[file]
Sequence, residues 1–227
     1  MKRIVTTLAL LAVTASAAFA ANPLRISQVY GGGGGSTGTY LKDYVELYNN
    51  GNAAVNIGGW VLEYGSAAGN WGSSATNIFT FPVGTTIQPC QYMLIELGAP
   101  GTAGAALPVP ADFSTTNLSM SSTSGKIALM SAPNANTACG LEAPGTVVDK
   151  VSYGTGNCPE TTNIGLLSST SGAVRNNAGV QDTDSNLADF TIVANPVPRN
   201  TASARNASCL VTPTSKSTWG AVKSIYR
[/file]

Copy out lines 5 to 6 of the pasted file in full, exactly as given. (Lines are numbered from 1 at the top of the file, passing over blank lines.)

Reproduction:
   151  VSYGTGNCPE TTNIGLLSST SGAVRNNAGV QDTDSNLADF TIVANPVPRN
   201  TASARNASCL VTPTSKSTWG AVKSIYR